asked him what had happened and why he had hit me. And he said that I had started an argument in the car and — and he said if I didn't stop that — he said he pushed me away. And he said I started arguing with him again. And [William] said then that if I didn't knock it off that he would hit me. And he said that he did.
The bench trial occurred on October 23, 1991. In its closing argument, the State argued in relevant part as follows:
[William] would like the Court to believe that it was some sort of self[-]defense on Oneawa Street.
. . . He testified that he didn't have any injuries and he was fine.
. . . [I]t defies reason to believe that if her behavior had been that outrageous and obnoxious he would have kept driving.
The State would submit that this is convenient, its self[-]preservation. Your Honor, he was angry at Terry Muller on that evening and he beat her up in that car.
She testified that her nose was in a splint, . . . .
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[Terry] would like the Court to believe that she doesn't remember the other parts. [Terry] said that she didn't recall anything about the driving or the car being part of the conversation. She asked him how she became injured and he told her that he did it.
Contrary to the State's representation, Terry did not testify that her nose was in a splint.
In its rebuttal argument, the State argued in relevant part as follows:
[W]hat [defense counsel] neglects to address is the fact that there was motive for [William] to beat up his wife. He was the one that was angry because of her seeing his [sic] boyfriend.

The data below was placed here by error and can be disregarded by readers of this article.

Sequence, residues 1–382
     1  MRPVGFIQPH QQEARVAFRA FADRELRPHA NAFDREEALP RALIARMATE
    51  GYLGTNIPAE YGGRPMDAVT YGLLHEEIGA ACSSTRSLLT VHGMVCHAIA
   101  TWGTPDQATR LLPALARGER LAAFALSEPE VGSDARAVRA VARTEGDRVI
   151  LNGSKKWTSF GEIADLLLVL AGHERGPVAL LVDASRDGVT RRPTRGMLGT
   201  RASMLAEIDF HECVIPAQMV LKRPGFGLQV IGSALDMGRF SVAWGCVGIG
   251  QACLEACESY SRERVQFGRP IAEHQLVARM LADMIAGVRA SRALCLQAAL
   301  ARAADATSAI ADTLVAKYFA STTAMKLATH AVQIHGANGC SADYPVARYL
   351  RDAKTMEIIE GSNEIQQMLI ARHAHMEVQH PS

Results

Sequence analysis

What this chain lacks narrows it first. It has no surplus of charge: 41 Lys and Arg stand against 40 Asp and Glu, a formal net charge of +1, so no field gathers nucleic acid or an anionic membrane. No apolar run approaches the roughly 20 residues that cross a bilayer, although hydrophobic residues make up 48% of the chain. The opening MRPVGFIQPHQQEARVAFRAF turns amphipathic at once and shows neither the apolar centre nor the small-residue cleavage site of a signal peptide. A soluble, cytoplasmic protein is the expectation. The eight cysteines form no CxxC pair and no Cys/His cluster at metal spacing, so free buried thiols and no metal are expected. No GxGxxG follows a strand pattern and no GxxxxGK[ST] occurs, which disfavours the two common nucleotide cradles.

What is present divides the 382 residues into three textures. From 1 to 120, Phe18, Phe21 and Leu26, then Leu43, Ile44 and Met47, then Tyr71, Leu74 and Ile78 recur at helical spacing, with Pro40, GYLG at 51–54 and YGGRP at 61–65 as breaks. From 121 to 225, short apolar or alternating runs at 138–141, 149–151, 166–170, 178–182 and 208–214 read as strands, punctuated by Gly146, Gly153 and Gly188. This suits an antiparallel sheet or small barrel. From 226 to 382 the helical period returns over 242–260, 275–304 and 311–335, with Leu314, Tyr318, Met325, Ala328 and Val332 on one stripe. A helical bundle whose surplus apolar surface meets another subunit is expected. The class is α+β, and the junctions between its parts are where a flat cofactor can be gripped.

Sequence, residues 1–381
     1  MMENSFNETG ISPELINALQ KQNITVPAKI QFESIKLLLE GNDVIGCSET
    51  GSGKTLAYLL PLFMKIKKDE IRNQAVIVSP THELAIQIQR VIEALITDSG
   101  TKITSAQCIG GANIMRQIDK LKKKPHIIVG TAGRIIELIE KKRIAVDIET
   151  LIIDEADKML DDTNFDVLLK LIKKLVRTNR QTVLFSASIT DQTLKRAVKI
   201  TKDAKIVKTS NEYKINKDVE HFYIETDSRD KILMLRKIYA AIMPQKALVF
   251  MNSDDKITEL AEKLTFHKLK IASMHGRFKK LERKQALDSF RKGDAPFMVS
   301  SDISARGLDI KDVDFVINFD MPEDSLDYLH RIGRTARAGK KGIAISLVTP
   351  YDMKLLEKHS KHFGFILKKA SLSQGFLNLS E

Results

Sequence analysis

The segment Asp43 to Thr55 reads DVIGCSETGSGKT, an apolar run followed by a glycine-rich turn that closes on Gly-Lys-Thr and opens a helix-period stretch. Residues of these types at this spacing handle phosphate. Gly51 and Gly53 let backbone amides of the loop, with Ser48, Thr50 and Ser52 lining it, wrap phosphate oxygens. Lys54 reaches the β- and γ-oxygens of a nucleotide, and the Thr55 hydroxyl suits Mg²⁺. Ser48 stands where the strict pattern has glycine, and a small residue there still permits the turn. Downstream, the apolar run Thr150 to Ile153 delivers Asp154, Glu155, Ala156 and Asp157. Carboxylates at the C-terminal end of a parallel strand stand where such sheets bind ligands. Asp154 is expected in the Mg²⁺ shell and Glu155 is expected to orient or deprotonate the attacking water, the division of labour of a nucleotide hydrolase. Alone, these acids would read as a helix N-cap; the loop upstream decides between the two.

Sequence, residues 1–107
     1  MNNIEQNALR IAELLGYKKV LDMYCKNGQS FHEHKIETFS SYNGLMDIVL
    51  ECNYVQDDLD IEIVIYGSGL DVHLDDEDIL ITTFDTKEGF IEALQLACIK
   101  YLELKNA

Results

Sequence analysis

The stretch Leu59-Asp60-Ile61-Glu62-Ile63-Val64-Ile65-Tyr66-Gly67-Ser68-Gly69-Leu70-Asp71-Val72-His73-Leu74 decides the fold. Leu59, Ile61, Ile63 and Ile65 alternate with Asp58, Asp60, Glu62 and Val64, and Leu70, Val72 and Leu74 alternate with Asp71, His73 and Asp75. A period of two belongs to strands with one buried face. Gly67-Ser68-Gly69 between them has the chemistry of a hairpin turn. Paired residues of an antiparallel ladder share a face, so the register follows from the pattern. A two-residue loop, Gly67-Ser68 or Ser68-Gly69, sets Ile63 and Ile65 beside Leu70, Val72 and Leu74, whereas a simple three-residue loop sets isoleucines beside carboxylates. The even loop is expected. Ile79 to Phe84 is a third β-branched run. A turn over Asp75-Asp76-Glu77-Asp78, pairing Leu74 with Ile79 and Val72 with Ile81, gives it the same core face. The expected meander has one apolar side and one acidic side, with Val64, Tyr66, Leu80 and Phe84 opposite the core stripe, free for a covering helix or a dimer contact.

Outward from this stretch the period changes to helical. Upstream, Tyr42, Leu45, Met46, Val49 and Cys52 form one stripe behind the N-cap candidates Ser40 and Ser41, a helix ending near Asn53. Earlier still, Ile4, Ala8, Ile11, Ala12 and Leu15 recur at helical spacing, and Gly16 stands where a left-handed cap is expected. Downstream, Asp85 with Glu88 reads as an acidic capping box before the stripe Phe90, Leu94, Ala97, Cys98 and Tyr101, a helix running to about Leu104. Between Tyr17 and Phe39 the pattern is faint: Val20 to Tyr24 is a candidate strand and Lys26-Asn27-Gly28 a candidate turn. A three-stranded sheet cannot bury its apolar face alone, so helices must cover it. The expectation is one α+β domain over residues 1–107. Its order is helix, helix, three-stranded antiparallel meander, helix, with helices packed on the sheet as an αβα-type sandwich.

[Terry] testifed that he did say that they were having an argument. . . . William was not only mad about the [Ex-boyfriend] incident . . . but his argument continued regarding [Ex-boyfriend] into the car.
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And again, choice of evils. Your Honor, you don't back hand somebody twice while you're driving, you stop the car if in fact that's the way things really happened.
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And the State would also submit that the extensiveness of her injuries indicate that there wasn't just one blow from a back hand, your Honor, but that there was much more force applied then [sic] that.
Contrary to the State's representation, Terry did not testify that William's argument regarding Ex-boyfriend continued in the car.
FAMILY COURT'S DECISION
The family court orally decided in relevant part as follows:
[THE COURT:] The Defense has raised basically two defenses.
One, defense of self[-]defense. With regard to the self[-]defense, the Court finds that the force used by the Defendant far exceeded the amount of force that would be necessary in this particular incident to justify the striking under the self[-]defense defense.
And therefore finds that the blow or the blows that the victim received were not the result of a self[-]defense type of blow.
With regard to the choice of evils defense, the Court also is not convinced that the only evil that the Defendant could choose was to use the type of force that — he did use against the victim.